Today, many individuals still alternate between using the terms Attention Deficit Disorder (ADD) and Attention Deficit/Hyperactivity Disorder (ADHD), even though the diagnosis of ADHD officially replaced ADD almost 30 years ago. This has led to a common conundrum of linking these separate disorders together, even though ADD and ADHD have distinct signs and symptoms associated with each.
ADHD, commonly known as attention deficit disorder, is a behavioral condition. It is characterized by a combination of inattention, impulsivity, and sometimes hyperactivity. Although these symptoms often occur together, it is possible for one to manifest without the others.
While it is commonly diagnosed in childhood, ADHD is not a condition exclusive to children — an estimated 4.4% of adults have ADHD. People with ADHD do not lack intelligence or discipline, they are just challenged at focusing to complete tasks.
ADD, or attention deficit disorder, is an outdated term for what we now call ADHD. Some people diagnosed with ADHD exhibit hyperactive behaviors, but some don’t. The diagnosis was officially changed to ADHD in a revised third edition of the DSM (Diagnostic and Statistical Manual of Mental Disorders) released in 1994.
Although the name change occurred nearly three decades ago, people still commonly refer to the condition as ADD. The difference between ADD and ADHD is the former doesn’t include symptoms of hyperactivity or impulsivity.2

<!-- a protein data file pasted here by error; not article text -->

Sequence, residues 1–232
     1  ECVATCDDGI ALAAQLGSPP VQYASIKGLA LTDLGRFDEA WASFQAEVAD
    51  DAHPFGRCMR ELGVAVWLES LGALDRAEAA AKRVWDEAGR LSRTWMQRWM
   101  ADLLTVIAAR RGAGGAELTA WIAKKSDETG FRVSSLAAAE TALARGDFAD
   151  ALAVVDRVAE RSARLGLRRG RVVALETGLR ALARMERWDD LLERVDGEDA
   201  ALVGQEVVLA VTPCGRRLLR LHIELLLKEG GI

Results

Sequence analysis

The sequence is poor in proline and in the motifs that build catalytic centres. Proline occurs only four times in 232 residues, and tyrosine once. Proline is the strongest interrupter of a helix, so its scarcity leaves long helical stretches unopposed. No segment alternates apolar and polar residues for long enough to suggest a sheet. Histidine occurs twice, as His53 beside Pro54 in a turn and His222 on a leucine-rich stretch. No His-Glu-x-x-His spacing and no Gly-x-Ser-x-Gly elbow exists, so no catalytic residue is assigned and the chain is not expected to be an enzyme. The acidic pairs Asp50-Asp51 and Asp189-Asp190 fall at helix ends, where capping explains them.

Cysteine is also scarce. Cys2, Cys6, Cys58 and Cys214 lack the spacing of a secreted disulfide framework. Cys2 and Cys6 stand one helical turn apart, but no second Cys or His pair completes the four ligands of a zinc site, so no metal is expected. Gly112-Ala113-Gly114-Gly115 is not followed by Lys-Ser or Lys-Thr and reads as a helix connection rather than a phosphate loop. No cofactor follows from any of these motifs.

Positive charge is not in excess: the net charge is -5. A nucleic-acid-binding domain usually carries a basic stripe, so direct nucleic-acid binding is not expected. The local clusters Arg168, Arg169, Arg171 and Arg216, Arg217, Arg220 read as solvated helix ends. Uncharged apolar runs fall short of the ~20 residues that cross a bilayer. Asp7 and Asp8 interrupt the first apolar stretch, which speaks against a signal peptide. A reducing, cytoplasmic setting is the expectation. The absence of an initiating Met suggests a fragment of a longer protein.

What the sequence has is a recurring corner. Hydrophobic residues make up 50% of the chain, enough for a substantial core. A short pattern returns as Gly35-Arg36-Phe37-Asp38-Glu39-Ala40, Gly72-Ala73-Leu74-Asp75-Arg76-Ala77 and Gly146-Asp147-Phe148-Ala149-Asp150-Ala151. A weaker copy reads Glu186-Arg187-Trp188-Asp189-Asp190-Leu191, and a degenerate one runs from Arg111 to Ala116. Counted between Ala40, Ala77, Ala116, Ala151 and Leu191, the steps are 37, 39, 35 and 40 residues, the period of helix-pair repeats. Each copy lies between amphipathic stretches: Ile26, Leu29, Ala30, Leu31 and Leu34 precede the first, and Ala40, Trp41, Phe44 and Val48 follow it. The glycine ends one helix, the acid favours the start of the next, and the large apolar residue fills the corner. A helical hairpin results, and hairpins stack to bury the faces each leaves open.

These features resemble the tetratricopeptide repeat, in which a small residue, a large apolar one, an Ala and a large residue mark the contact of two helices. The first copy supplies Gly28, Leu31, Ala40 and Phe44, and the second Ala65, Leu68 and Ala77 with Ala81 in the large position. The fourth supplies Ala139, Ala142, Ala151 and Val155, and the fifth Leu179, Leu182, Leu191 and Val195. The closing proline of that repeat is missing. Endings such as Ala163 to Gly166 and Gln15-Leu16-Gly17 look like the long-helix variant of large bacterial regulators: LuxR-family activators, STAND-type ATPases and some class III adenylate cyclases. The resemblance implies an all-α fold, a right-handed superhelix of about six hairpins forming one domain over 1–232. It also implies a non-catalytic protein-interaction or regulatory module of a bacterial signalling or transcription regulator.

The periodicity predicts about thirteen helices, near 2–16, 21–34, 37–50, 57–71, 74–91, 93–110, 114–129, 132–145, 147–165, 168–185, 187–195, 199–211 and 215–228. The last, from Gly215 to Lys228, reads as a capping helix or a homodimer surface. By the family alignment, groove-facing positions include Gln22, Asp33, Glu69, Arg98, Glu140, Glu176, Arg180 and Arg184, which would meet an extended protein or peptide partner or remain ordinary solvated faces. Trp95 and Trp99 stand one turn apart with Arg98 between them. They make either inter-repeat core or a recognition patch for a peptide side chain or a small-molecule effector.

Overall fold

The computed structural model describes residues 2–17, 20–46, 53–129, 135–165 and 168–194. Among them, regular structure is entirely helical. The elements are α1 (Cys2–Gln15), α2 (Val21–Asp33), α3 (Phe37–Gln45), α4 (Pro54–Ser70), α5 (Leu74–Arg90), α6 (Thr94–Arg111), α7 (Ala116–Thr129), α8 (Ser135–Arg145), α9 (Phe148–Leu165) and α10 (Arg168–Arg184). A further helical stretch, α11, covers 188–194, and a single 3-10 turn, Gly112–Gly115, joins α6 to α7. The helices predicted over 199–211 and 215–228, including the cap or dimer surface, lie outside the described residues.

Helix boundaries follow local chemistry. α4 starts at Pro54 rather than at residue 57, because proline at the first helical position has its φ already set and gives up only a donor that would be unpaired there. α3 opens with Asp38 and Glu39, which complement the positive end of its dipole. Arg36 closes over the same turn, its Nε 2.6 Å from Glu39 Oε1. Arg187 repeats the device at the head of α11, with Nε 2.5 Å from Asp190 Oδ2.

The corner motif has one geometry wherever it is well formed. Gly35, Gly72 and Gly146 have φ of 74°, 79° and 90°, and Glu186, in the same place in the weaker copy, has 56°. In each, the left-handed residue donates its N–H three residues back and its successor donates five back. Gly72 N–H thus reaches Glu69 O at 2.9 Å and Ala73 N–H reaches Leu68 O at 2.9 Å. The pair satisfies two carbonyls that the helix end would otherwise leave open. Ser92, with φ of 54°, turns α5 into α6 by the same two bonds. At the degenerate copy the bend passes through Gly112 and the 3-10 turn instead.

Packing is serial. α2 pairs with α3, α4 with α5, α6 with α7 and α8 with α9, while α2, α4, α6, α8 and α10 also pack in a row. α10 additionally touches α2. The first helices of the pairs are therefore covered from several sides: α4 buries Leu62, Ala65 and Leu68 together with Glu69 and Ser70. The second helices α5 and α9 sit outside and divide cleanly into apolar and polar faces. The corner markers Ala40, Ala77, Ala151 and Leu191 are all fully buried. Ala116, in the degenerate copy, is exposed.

Three major types of ADHD include the following:
This, the most common type of ADHD, is characterized by impulsive and hyperactive behaviors as well as inattention and distractibility.
This type of ADHD is characterized predominately by inattention and distractibility without hyperactivity.
This is the least common type of ADHD and is characterized by impulsive and hyperactive behaviors without inattention and distractibility.
Some other mental health conditions like depression, anxiety, and sleep disorders, can cause symptoms similar to ADHD, so it's important for a doctor to rule out other causes before making an ADHD diagnosis.
ADHD is considered a childhood condition affecting about 5% of all children in the United States4, but some symptoms can persist into adulthood. While there is no cure, there are several treatment options, and people experiencing ADHD can lead normal and fulfilling lives.
Two common types of therapy to treat ADHD are behavioral therapy, and executive function training, or social skills training. The goal of behavioral therapy is to learn or strengthen positive behaviors while eliminating unwanted or concerning behaviors, and executive function training is to improve organizational skills and self-monitoring.
ADHD medications “work by increasing the levels of chemicals (neurotransmitters) in your brain.” They come in the form of stimulants, non-stimulants, and antidepressants. Remember, medication isn’t always necessary. Be sure to consult your care team to see if medication should be part of your treatment plan.
With proper treatment, people with ADHD can overcome their symptoms. If you or a loved one are struggling with ADHD, consult with a qualified health care professional and consider your treatment options as part of a comprehensive treatment plan. With the right support and treatment, individuals with ADHD can thrive and manage their symptoms effectively.
SonderMind has therapists available to help you take the first step towards managing symptoms and improving your daily life – sign up and get connected in as little as 48 hours.